Get it? Heat? Chile? *taps microphone* Hullo, is this thing on?
If you’ll pardon my attempt at lame puns, I want address the issue about what makes chiles, y’know, so hot.
The substances that give chile peppers their heat are the alkaloid capsaicin, and other related chemicals. These substances are collectively called capsaicinoids. For the record, the other capsaicinoids are:
Say them aloud at a party, and you’ll be sure to leave others either impressed or befuddled.
Speaking of impressing people, I could let you know how capsaicinoids interact with your body, creating the sensation of pain and heat. For instance, I could write “The sensations associated with capsaicin result from capsaicin’s chemical interaction with your sensory neurons. Capsaicin binds to a receptor called the vanilloid receptor subtype 1. This binding allows positively-charged ions to pass through the cell membrane and into the cell. This results in a “depolarization” of the neuron, causing the neuron to signal your brain with, what medical professionals call, an ‘owie’”.
I could write that, but you’d probably fall asleep as soon as I mentioned the phrase “vanilloid receptor subtype 1″. I base this assumption only on the fact that I slightly nodded off myself, and I typed out the darn thing.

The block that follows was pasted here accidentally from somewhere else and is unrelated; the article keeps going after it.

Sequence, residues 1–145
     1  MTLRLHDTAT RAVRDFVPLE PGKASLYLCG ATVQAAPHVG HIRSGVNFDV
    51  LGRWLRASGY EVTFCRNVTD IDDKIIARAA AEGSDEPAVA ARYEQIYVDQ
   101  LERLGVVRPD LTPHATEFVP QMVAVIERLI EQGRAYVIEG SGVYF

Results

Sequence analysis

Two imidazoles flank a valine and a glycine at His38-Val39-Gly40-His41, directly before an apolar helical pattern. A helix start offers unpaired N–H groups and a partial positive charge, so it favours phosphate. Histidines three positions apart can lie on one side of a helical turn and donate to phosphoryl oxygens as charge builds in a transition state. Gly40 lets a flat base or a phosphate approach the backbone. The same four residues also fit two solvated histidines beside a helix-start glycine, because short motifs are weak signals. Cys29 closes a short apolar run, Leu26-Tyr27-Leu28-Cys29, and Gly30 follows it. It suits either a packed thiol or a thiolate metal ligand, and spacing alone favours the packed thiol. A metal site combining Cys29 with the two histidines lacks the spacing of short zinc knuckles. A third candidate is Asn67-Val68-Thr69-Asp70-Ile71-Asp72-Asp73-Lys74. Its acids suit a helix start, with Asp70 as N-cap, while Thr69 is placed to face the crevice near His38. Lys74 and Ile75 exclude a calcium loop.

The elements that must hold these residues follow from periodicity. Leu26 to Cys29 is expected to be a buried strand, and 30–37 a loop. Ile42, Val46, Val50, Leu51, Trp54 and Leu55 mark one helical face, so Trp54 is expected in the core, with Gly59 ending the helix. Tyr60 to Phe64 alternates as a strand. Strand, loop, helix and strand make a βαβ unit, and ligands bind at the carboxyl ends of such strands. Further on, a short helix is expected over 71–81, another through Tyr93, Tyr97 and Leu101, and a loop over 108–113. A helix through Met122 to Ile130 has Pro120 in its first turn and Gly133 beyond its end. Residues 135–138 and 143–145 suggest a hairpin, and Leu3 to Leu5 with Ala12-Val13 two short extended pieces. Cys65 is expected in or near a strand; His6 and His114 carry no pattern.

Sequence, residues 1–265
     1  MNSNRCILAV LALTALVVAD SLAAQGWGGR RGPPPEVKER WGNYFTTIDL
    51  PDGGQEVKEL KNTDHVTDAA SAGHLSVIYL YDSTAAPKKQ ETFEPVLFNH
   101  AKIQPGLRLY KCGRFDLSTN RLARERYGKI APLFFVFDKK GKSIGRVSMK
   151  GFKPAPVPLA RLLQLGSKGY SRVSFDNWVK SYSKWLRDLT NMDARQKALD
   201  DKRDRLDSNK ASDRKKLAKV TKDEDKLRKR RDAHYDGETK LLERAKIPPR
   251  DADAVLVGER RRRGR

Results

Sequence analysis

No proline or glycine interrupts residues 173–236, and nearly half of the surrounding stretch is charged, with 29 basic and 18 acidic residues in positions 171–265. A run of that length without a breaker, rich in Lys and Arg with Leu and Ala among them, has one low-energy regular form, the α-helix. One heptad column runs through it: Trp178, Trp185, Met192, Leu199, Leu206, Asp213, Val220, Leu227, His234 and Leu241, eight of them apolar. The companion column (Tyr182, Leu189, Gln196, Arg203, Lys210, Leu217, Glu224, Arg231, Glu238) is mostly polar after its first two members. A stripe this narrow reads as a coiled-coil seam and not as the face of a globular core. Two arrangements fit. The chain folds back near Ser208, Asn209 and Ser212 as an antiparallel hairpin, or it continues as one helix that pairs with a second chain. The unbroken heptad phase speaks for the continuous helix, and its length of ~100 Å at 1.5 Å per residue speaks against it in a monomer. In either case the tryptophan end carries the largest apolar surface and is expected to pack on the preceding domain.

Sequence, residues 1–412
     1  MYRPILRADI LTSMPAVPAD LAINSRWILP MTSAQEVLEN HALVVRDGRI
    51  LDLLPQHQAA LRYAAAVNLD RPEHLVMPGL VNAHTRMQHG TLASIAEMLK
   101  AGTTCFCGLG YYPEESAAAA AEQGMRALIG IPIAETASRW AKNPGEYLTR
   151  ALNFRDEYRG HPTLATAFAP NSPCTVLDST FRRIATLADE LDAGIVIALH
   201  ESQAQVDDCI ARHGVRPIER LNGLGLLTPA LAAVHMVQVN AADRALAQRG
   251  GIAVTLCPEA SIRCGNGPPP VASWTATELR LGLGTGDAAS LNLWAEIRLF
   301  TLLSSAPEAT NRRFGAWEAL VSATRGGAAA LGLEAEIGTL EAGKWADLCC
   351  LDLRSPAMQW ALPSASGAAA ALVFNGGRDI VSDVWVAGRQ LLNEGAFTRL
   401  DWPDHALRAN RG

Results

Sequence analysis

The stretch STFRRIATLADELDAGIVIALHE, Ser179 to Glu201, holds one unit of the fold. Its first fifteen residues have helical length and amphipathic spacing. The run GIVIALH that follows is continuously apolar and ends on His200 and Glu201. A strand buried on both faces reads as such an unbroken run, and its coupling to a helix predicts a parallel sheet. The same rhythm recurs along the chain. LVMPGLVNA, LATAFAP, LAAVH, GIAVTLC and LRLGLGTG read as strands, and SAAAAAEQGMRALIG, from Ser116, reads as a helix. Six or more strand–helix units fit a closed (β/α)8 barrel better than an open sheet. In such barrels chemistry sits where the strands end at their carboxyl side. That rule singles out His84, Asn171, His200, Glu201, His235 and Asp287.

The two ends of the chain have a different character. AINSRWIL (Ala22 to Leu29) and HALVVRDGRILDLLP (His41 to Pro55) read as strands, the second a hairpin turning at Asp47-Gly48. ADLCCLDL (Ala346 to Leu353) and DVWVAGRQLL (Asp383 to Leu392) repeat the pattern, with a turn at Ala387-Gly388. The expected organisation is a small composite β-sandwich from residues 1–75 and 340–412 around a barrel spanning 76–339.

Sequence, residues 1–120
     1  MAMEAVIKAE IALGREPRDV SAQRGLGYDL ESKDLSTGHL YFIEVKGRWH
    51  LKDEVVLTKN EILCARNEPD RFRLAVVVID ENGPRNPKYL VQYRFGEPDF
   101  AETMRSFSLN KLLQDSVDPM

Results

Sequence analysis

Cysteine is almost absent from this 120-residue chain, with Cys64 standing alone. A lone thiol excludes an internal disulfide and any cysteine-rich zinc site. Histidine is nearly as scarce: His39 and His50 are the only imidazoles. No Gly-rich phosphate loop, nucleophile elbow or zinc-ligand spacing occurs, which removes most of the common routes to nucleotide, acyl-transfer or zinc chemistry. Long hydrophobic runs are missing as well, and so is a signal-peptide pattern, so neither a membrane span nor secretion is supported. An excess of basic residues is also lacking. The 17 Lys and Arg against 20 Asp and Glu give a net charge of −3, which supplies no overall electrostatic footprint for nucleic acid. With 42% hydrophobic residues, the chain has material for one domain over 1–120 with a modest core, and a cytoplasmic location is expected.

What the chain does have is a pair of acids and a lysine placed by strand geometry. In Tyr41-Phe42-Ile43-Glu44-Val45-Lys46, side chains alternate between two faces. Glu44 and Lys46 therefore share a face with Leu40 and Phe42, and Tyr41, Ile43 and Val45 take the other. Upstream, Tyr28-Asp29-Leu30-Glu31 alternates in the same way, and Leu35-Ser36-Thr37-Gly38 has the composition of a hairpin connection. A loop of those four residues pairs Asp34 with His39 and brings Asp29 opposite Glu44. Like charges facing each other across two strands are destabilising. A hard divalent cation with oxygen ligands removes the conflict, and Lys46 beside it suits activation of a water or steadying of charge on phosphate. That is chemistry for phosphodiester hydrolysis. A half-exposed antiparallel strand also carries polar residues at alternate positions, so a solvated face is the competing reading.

Different chiles have different levels of capsaicinoids found within their fruits. This is why you can eat a bell pepper without any fuss, yet cry like Halle Berry winning an Oscar when taking a bite out of a scotch bonnet. The Scoville scale is a measure of the amount on capsaicinoids found in a chile pepper. Coincidentally named after it’s developer, William Scoville, the scale is set by measuring a dilution of pepper extract in sugar water until the ‘heat’ of a pepper is no longer detectable. As Wikipedia explains:
…a sweet pepper, containing no capsaicin at all, has a Scoville rating of zero, meaning no heat detectable even undiluted. Conversely, the hottest chiles, such as habaneros, have a rating of 300,000 or more, indicating that their extract has to be diluted 300,000-fold before the capsaicin present is undetectable.
The Scoville scale now uses high pressure liquid chromatography in order to get a precise number. As it turns out, 15 Scoville units is roughly equivalent to one part capsaicin per million.
That’s only some of the science behind chile peppers. Later, I’ll post a list of varieties of chiles and each of their Scoville level. It promises to be
fun interesting in a trivial sort of way.
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